I’ve been reading a lot recently about being a dictator. (No, not one of those authoritative types who’s clearly too big for his boots.) I’ve been looking into the art of dictating some of my writing to my computer.

For those with Windows computers, the Dragon Naturally Speaking software is king (and a rather expensive one at that!). Being and Apple user, dedicated software solutions are extremely limited, although Dragon’s creators, Nuance, now offers a mobile version for a monthly subscription (still pricey!), which works on Android and iOS devices.

But these days, most of us have devices that are capable of listening to us (whether we want them to or not). Therefore, there are several different ways of dictating and getting a transcription of your text produced.

And that is how some extremely prolific writers operate. Writing their first draft through dictation enables them to produce five, six, seven or more books a year. But it’s not for everyone.

If you’ve ever considered dictation but don’t know where to start, then I can recommend Kevin J Anderson and Martin L Shoemaker’s On Being A Dictator: Using Dictation To Be A Better Writer. It gives a great overview of things you need to consider (such as a microphone, software, and what is the best method for transcribing your speech).

You see, there are two ways of doing this:

  1. You can dictate your thoughts and use software that will transcribe it for you. Like most voice-activated devices, what this software does is send your dictation over the Internet to highly-powerful computers that interpret what you’ve said and then they transcribe it, returning that text file to you via the Internet to your device. (This often takes seconds, but it is slow enough to see a delay in the words appearing on your screen. It’s how most voice-activated devices work, such as Siri, Alexa, etc. Not all writers are comfortable with their ‘first drafts’ being listened to by unknown servers, some of which retain the voice file and use it for training purposes.)
  2. Or you can dictate your thoughts, and then email a voice file to a transcription service. These services will either charge by the minute, or by the number of words. Cheaper services use Artificial Intelligence to do the processing (just as in the example above). The only difference is that you upload your voice file when it is complete and you’re ready to do so. They’ll email your text file back to you within an hour or so. More expensive services use human transcribers. Error rates tend to be higher with AI services. (They can’t tell if your character is called Jean or Gene.)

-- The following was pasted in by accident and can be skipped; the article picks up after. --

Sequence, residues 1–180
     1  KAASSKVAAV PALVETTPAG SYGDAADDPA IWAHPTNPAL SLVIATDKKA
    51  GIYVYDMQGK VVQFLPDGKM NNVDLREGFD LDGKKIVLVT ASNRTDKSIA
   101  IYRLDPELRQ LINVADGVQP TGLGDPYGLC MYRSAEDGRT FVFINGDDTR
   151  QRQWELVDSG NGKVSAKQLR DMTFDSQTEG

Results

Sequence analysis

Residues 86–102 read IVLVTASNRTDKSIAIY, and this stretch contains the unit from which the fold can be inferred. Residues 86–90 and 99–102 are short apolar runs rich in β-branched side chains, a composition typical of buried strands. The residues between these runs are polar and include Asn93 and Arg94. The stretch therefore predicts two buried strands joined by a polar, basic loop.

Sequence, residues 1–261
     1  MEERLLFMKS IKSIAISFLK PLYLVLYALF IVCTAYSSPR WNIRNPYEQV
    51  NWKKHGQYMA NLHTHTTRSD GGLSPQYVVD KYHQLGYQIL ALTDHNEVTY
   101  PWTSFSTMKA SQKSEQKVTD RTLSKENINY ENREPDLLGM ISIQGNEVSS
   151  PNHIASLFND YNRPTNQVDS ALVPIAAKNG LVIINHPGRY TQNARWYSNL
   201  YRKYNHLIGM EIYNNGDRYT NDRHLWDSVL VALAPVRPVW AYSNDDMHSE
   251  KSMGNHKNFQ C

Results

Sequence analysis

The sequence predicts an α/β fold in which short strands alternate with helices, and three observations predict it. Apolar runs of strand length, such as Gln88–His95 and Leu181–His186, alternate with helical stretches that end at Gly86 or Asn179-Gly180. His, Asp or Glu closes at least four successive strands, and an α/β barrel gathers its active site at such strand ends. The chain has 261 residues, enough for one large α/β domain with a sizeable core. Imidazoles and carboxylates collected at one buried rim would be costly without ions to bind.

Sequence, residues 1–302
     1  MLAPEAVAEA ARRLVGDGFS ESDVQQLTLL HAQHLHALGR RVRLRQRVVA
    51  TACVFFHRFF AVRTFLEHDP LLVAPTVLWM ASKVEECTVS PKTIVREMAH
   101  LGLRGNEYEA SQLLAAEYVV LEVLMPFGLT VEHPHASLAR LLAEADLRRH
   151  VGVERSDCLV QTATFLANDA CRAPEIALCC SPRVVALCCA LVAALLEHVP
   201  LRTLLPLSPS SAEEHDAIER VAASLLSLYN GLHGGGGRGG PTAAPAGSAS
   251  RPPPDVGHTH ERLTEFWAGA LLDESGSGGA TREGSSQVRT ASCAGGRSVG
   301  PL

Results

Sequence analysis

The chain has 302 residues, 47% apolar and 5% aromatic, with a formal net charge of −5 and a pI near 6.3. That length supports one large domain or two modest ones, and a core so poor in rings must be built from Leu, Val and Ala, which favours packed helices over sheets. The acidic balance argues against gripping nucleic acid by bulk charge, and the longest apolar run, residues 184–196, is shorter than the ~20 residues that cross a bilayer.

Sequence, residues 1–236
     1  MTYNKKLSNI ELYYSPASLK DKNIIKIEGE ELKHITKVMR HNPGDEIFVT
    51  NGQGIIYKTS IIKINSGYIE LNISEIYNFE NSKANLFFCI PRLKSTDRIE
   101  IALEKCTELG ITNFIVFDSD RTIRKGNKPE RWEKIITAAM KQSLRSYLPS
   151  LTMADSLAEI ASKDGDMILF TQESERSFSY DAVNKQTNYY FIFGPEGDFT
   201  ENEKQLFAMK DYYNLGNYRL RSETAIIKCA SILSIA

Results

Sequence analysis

It doesn’t matter which way you look at this, there’s a cost involved. However, for writers who are producing a lot of content, this can still be a cost effective way of working. Many people can sit down and dictate thousands and thousands of words a day. Indeed, ten thousand words in a day is not unachievable, if you are clear in your mind what you want to say. Speaking five thousand words a day is achieved by many.

Then it may take about an hour to tidy up the errors that the transcription service has produced. Some writers also see this as a first edit stage.

What I liked about On Becoming A Dictator was that it reminded readers that you don’t go from being a writer who types to a writer who dictates in one session. The book’s authors got to the stage where they’re at today, over many years.

So I’ve been doing a little experimenting. I am nowhere near the stage of dictating my articles, or fiction. I just don’t seem to be able to think like that (at the moment). But what I am doing is dictating my thoughts while I’m out doing my daily exercise. (Yes, we’re still on lockdown, here in the UK.)

I bought an app for my smartphone called Just Press Record. (It’s iOS only at the moment.) It allows you to dictate into your phone, as you would a dictation device – pausing and recording – as thoughts cross your mind. When you press stop, there’s an option to transcribe. Select this and the words then begin to appear on your screen. These can then be shared like any other file.